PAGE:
Behind the Door
21 August 2009, 4:49 PM
Some Gentle Readers will be aware of the very disturbing Marcel Duchamp piece behind wooden doors in the Philadelphia Museum of Art. Others, presumably, not so much. Even some of y’all who have been in that museum (running up the stairs and singing “Gonna Fly Now!” recommended but not required) may not have found the piece, or not have found the peepholes. You have to go around a corner, sort of, and M. Duchamp being M. Duchamp, it would be understandable to assume that the big doors were the entirety of the art. They are not. There is something on the other side of the doors.
I’m not prepared, at the moment, to talk about what is on the other side of the doors, or what I think about the piece (which M. Duchamp gave the title Étant donnés: 1. la chute d’eau, 2. le gaz d’eclairage… ) as a work. The thing I’ll mention is that the power of the work, to me, came from the peepholes. The way that the artist controlled the view made the work what it is; the dominant parts of the experience, for me, were (1) my inability to see any more of what was behind the door than the set-up allowed, no matter how I rolled my eyes and wiggled my head, and (B) my inability to share the experience of viewing it with my companions, as only one at a time can approach it.
Oh, we could talk about it, afterward, and we compare our experiences, but we couldn’t see it together. That distance, and that control, without that alienating experience, I don’t know that I would remember the thing at all. And, of course, part of that is that I could choose not to share my experience, to remain alienated, or perhaps to hug the thing to myself. Or to deny it altogether.
M. Duchamp evidently kept the existence of the piece secret for a while, and when the Museum acquired it, they refused for years to let the inside be photographed. When I first saw the thing, and when I second saw it, and when I saw it third as well, I was under the impression that it was still under an interdict, so when I eventually saw a photograph of the inside, I was distressed. In fact, I had an emotional response to that photograph that was probably wildly inappropriate. It was, as it happened, in a scholarly journal of art history, accompanying a scholarly article on the piece. But still, it seemed as if there shouldn’t be photographs, that the photographs were an exploitation at the least, and a betrayal in spirit. A betrayal of who? An exploitation of who? I don’t know. But that’s how it tasted to YHB.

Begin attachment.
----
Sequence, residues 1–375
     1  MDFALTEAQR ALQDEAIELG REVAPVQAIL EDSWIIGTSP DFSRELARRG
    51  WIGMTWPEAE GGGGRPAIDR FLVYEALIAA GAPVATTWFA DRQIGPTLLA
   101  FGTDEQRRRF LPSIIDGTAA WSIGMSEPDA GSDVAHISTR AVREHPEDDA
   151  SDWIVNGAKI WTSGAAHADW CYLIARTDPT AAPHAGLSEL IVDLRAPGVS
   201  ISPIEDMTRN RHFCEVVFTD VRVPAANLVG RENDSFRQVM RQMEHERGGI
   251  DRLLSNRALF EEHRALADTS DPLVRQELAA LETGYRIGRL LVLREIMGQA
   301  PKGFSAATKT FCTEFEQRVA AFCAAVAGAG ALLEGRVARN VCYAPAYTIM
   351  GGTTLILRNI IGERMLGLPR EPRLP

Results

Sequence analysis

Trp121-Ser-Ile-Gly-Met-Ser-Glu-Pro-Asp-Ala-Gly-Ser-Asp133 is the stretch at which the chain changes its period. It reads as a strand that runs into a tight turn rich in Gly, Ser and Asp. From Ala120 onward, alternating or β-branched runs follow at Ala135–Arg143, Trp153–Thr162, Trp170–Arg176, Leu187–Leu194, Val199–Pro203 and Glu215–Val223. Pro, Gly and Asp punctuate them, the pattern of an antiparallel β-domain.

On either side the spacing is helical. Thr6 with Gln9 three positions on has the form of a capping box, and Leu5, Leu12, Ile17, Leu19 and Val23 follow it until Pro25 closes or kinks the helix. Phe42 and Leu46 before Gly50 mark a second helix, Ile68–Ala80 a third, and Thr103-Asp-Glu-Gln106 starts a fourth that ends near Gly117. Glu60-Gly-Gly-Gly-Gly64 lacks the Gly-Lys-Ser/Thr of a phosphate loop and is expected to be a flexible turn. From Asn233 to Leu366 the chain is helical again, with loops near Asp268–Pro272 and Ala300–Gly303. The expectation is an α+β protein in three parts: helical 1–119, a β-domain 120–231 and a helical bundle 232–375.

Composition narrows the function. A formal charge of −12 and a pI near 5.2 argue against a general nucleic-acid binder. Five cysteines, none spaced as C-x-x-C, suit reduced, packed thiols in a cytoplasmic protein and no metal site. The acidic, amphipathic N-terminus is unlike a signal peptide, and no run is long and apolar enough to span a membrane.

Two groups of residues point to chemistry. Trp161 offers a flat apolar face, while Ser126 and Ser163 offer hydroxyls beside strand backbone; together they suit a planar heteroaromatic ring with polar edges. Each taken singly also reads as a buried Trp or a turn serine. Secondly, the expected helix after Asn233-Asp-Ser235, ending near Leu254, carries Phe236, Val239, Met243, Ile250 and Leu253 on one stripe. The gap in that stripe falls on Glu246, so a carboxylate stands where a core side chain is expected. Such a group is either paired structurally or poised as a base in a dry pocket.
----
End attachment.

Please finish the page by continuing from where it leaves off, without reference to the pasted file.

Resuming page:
Now, in this internetty age, you can Google yourself images of the inside all you like, and they will have no power whatsoever. I hope you don’t. I hope, if you haven’t walked up to those doors, that you will reserve for yourself the possibility of someday walking up to them and having the experience of looking through them alone and without control. Not that you will enjoy the experience, necessarily. Or that you will ever actually do it. Just that I want you to keep that possibility for yourself, even if you never intend to do anything about it.
And, of course, at all costs avoid the Exhibit at the Philadelphia Museum of Art this Autumn.
If, on the other hand, you already have had that experience, have tasted the frustration and isolation, and want to go around the other side, as it were, to read the instruction manual and look at the record, to walk around backstage and under work lights. Of course, it’ll be a tour; it won’t be special. I don’t know if I’d go, myself, but then, alas, it looks like I won’t be in Greater Philly this Autumn, anyway.
Tolerabimus quod tolerare debemus,